Earthquakes Explained (by a Californian)

the chess tablesKevin FarleyChess continues at Tompkins Square Park despite yesterday’s earthquake.

When I was growing up in California, earthquakes were kind of fun. You got to hide under your desk or in your doorway, and whether you were in sixth or second grade your teacher always freaked out and rushed outside to the baseball field without providing any instruction to the kids.

The feeling of a southern California earthquake was unmistakable; it rattled the house and shook you with quick jolts. My sister and I would drop to the ground to feel the earth move, because we knew the sweet and powerful force would not last long. I loved earthquakes – their unpredictability, their distaste for shelves, and their short lifespan prevented me from getting bored. My mother used to tell me that earthquakes were the same feeling as riding the subway, which is maybe why I moved here (she was wrong).

I used to hang up my many, many swimming medals on one nail so that should an earthquake occur, I would hear my medals clank together and know to wake up the rest of my family. In 1994 during the infamous Northridge 7-pointer, the nail holding my medals sprang off the wall in the middle of the night and my parents screamed for my sister and me to get off our bunk beds and get in the hallway. We huddled together and my mom and dad told war stories of earthquakes past. Then we realized we’d forgotten to wake my brother. He was fine.

But earthquakes were never something you missed school for, and there was never an “earthquake season” or a way to predict earthquakes. When I moved to the East Village, I reveled in seasons and in the predictability of it being cold in winter and still cold in spring. There was bound to be a blizzard at some point in the year and bound to be heat-related misery at some point in August.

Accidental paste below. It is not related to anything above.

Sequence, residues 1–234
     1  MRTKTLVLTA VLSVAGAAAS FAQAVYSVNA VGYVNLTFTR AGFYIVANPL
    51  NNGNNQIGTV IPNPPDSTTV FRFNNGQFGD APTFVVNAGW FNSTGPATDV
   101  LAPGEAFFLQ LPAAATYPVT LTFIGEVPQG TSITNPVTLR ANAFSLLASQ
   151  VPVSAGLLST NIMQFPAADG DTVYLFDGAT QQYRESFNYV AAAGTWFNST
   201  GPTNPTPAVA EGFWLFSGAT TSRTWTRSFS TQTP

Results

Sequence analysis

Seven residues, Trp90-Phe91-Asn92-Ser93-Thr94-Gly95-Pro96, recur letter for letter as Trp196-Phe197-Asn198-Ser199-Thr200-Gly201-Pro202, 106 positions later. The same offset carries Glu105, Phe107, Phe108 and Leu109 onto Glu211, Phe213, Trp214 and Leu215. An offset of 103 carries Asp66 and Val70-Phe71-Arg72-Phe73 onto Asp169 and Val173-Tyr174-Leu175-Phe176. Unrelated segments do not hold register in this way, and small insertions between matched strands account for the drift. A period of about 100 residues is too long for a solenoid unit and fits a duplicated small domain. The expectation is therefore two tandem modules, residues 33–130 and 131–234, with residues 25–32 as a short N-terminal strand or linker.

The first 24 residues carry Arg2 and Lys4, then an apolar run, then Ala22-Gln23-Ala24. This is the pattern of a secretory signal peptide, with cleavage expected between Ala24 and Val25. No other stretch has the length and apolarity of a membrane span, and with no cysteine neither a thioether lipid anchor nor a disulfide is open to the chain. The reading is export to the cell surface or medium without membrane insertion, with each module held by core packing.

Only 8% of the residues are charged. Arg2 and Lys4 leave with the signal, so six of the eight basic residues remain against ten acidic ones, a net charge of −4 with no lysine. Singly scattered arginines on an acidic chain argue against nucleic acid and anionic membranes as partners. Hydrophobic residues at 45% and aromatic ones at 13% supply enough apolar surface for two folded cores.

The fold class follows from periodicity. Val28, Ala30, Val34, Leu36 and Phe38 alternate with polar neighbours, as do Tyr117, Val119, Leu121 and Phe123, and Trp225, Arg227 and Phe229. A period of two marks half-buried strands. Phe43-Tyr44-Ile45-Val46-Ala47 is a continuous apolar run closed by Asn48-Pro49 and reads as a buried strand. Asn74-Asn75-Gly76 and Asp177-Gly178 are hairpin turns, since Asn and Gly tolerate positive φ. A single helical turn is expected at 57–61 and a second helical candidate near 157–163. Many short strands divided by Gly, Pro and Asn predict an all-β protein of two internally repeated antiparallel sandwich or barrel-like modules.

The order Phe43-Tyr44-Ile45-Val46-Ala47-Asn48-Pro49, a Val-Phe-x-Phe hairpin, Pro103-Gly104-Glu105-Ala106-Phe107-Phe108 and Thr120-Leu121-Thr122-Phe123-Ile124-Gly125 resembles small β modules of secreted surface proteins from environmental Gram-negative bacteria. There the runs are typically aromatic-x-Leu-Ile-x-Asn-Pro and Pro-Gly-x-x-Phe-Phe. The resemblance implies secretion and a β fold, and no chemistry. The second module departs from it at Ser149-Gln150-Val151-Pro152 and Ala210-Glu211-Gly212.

Many New Yorkers shake their fists at the city for being inconveniently located in an area that is far away from the equator, but I told myself I was happy being so far away from my nail of medals. Sure, earthquakes were fun, but one has to graduate to natural disasters that fit your schedule and allow you to miss work and stay inside to watch movies.

Then, in broad daylight yesterday afternoon, New York City felt an earthquake.

I noticed the wheels of my chair rolling, then my desk begin to sway. I looked up at the ceiling and saw a giant pipe that hung on wires swaying like a pendulum. When did that get there? Was it going to fall and crush me so that I would be unable to continue working and have to stay home and watch movies? This was not like the earthquakes in California. This quake felt like some sort of half-assed swaying motion, as if the city was walking home drunk in the middle of the afternoon. It felt, in fact, like riding on the subway.

I ran outside and saw one of the pieces on a Tompkins Square chess board had fallen over. Everyone in the park was staring at it in fear. I stood on top of the chess board and announced that all was going to be okay. I was from California, I came in peace, and everyone should keep calm and carry on like we do back West.

“Don’t you want people to think you’re from California too?” I asked. This tactic worked.

Finally, the city was complete for me. I could at last call it home. I wondered how many other displaced Californians felt the same way. As I walked, knees slightly bent in case I wanted to jump on the ground to fully feel an aftershock, I decided to join a swim league so I could begin acquiring large quantities of bronze medals. I knew just where I’d hang them, stacked against each other, so I could be prepared for the next New York earthquake.